Russia’s defense minister General Pavel Grachev said in an interview on Russian TV that he would ask the Duma and the government to confer peacekeeping functions on Russia’s troops in Moldova (the former 14th Army). Russia would in that case withdraw its last remaining two "peacekeeping" battalions from Moldova. (14)
Transdniester leader Igor Smirnov, returning to Tiraspol from Moscow, told his Supreme Soviet that Russia’s Defense Ministry supports Transdniester on the need to maintain Russian troops there. (15)
Grachev spoke on the first anniversary of the long-dead agreement which provided for the withdrawal of the 14th Army. Russian "peacekeeping" troops, initially six battalions but now down to two, have been in Moldova since 1992. Neither the former 14th Army nor the forces which succeeded it bore a peacekeeping label. Both before and since the 1994 troop withdrawal agreement, Moscow has tried to pressure Chisinau into conferring that mandate in order to legalize its continued presence. Moscow has also periodically alluded to the withdrawal of its dwindling "peacekeeping" battalions in order to pressure Chisinau into transferring that title to the ex-14th Army.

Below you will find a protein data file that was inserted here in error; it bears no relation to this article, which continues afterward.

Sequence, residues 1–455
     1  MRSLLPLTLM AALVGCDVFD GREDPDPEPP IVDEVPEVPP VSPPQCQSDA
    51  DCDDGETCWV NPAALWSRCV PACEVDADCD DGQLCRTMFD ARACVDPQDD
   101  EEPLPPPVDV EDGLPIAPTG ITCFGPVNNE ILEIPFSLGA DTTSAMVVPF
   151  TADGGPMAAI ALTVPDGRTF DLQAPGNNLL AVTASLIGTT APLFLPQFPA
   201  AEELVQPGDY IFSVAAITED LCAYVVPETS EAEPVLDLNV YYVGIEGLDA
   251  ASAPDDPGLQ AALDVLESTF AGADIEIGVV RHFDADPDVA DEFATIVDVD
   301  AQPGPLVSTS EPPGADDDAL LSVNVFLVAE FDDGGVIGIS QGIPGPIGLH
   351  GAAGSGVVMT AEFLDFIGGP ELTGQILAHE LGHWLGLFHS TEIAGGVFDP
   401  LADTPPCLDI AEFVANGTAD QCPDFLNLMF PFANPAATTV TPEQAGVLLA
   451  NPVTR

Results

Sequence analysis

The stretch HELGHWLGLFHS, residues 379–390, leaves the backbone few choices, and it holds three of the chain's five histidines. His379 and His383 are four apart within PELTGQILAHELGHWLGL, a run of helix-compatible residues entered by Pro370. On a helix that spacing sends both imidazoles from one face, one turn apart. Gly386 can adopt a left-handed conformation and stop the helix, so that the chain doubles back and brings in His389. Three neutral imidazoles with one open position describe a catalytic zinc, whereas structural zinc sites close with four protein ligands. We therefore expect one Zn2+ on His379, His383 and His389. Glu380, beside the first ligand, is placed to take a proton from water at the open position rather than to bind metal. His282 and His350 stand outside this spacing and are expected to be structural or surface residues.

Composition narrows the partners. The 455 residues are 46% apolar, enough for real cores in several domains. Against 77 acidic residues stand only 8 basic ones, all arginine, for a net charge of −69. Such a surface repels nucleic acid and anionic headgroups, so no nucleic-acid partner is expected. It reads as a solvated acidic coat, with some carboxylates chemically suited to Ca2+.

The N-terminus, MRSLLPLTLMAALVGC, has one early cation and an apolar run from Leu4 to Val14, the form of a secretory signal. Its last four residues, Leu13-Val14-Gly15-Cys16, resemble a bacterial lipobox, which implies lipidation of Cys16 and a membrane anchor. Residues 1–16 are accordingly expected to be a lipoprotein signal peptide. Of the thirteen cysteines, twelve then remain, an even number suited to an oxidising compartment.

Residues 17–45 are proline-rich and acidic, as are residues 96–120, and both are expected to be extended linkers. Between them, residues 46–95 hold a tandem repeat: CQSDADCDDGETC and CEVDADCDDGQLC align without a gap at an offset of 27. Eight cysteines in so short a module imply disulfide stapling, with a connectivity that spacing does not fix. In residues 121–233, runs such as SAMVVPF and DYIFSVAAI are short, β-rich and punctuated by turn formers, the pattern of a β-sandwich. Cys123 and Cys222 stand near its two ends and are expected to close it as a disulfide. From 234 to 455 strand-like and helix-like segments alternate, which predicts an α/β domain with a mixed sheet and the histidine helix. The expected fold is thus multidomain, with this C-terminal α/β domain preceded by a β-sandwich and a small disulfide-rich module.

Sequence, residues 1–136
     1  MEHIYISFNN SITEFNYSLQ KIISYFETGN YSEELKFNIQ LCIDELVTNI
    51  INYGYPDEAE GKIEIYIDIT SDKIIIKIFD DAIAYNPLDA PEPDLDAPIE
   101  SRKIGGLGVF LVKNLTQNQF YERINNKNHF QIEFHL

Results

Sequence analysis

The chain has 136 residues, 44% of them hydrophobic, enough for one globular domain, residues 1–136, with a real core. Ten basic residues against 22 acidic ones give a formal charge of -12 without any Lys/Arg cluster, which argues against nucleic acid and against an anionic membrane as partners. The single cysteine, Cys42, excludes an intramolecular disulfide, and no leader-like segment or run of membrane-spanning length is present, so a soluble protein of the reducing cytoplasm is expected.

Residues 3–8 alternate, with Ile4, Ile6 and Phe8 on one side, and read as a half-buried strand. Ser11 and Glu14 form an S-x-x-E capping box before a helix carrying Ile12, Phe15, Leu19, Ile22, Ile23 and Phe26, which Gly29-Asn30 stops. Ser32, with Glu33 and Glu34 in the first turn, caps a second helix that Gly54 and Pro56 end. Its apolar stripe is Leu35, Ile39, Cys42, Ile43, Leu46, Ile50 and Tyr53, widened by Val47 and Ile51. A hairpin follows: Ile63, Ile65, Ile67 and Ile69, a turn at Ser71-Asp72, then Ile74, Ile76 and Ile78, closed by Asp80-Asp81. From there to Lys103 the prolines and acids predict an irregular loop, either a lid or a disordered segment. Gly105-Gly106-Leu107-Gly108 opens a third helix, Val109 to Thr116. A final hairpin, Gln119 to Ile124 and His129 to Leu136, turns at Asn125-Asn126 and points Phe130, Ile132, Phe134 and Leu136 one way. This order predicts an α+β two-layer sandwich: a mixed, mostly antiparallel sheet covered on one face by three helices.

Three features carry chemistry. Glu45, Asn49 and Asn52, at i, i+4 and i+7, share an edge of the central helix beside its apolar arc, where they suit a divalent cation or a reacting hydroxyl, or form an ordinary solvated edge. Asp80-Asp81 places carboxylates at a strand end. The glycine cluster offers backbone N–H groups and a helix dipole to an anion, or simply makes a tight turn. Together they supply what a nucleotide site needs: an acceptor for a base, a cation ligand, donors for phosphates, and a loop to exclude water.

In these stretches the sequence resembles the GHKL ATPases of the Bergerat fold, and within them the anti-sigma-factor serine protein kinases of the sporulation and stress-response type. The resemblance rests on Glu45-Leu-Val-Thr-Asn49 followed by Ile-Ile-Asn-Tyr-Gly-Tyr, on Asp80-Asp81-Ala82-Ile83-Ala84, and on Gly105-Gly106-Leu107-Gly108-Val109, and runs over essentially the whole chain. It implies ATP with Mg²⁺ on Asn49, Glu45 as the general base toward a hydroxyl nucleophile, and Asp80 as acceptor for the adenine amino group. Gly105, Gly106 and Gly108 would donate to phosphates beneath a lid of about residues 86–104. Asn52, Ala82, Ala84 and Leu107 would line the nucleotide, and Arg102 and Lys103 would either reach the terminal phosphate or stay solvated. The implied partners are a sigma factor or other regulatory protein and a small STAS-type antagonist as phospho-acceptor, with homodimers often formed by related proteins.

Belarusian Diaspora Angry About Western Credits